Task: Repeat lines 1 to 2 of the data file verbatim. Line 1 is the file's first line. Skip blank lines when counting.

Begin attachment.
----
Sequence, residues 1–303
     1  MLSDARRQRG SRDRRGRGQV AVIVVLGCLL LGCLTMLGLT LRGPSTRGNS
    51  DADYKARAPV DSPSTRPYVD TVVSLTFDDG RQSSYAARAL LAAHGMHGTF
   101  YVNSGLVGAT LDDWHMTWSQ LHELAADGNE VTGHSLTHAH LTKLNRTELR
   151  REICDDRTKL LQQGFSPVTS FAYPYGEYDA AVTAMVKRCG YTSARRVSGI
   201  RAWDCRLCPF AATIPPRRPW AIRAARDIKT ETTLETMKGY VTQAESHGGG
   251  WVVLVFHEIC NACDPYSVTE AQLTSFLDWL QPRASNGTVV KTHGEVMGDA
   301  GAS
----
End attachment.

Sequence, residues 1–303
     1  MLSDARRQRG SRDRRGRGQV AVIVVLGCLL LGCLTMLGLT LRGPSTRGNS